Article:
Brown University has established a new institute for the study of archaeology and the ancient world.
Previously, work on ancient studies at the university has been split among several academic departments.
Brown says with the new institute, it will expand its ancient studies faculty.
The new institute will also replace the existing Center for Old World Archaeology and Art. It will be housed in Rhode Island Hall, on the College Green, which will be renovated for the purpose. [...]
::Monday, October 18, 2004 5:14:20 AM::
~ Alexander Links
It appears the Jakarta Post is first off the mark with what will probably (hopefully?) be one of many articles telling us how to find more information about Alexander the Great on the Internet. There's a nice overview of Alexander's conquests and what happened to his 'empire' after he died.
::Monday, October 18, 2004 5:11:08 AM::
~ Job: Generalist (?) @ Northwestern
The Department of Classics of Northwestern University invites applications for a tenure-track assistant professorship, beginning September 2005. Candidates must demonstrate broad and innovative intellectual interests, outstanding scholarly abilities and commitment to teaching. The field of specialization is open (both Greek and Latin/Roman literature and history). The successful candidate will contribute to the departments cross-disciplinary faculty collaborations for graduate education in comparative literary studies, ancient philosophy, political and social thought, or will be able to develop collaborations in other fields, as well as help develop our undergraduate classics curriculum in imaginative ways. In addition to membership in the Department of Classics, the successful candidate will be a core member of Northwestern's Classical Traditions Initiative (CTI), a multi-disciplinary forum for discussion of the cultures of classical antiquity and their reception, involving faculty in classics, comparative literature, philosophy, English, art history, political theory, rhetoric, theatre, religion and history. AA/EOE. Women and minority scholars are encouraged to apply. The deadline for applications is November 10. We plan to interview at the APA. Candidates should send a letter of application, CV and a writing sample (25 pp max), and have three letters of recommendation reach the search committee by the deadline. Materials may either be submitted on-line at http://www.classics.northwestern.edu/opportunities.htm or mailed to Sara Monoson, Search Committee Chair, Department of Classics, Northwestern University, Evanston IL 60208-2200.
... seen on AegeaNet
::Monday, October 18, 2004 5:06:43 AM::
~ Colosseum for Rent?
Some interesting/potentially-disturbing excerpts from an opinion piece in the Telegraph:
For rent: amphitheatre, 160ft high, with seating capacity for 50,000. In need of refurbishment. Central location in eternal city, suitable for games, circuses and gladiatorial contests.
They have not put a price on it yet, but if you fancy taking on the ultimate wreck as a second home, you might be able to rent the Colosseum in Rome. No, really. The giant arena, built by the emperor Vespasian in ad72, could soon be available as part of a programme by Silvio Berlusconi's government to meet its urgent need for cash.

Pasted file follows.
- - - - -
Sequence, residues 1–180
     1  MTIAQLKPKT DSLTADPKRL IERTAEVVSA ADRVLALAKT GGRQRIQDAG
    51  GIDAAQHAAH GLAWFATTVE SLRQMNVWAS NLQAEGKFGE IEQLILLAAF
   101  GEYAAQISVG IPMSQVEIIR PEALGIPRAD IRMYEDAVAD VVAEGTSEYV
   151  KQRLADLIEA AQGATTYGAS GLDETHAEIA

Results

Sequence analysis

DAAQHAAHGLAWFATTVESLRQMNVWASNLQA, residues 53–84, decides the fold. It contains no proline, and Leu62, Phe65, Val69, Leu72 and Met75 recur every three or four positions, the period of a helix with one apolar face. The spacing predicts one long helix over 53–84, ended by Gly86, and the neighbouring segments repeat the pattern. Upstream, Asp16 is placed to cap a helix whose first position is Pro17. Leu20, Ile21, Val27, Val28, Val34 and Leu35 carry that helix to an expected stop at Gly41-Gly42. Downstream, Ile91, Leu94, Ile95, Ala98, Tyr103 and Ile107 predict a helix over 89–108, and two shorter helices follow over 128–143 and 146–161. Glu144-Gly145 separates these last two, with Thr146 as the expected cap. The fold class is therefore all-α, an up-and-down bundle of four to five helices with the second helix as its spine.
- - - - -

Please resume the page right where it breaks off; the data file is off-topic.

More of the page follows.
Here is what Daniele Molgora, a junior economics minister, said in an interview last week: "Selling the Colosseum? No. The national patrimony must be protected. But we have the most beautiful artistic possessions in the world and to think of leasing them to private individuals, under the control of local cultural authorities, would mean to raise income for the country."
Mr Molgora risks being dispatched by some Russell Crowe lookalike, judging by the reaction of the Italian media and opposition parties. Just imagine the cries of indignation if some trunk-wearing Brit moved into a ruin in Pompeii, or Starbucks opened a branch in the Roman Forum.
Mr Berlusconi wants to give the Italian economy a boost by cutting taxes. This method of lifting the animal spirits was pioneered by Margaret Thatcher and Ronald Reagan. The theory is that a short-term deterioration in the government's finances will be healed over time by faster economic growth, which will send revenues pouring into the Treasury's coffers.
But even a temporarily large deficit in Italy would be another act of defiance as far as the Stability and Growth Pact is concerned. Hence the proposal to rent out the Colosseum.
City economists are also taking that view. Standard & Poor's has reduced Italy's credit rating by one notch, from AA to AA minus. Joachim Fels, of the investment bank Morgan Stanley, tells us the eurozone is in fiscal disarray and there is "no credible framework to prevent countries running excessive deficits in the EU".
The markets, distracted by the fiscal disarray in Washington, are not yet impressed by such extravagant warnings, although Byron might have been. He wrote in Childe Harold's Pilgrimage:
While stands the Colosseum,
Rome shall stand,
When falls the Colosseum,
Rome shall fall,
And when Rome falls, the world.
::Monday, October 18, 2004 4:55:37 AM::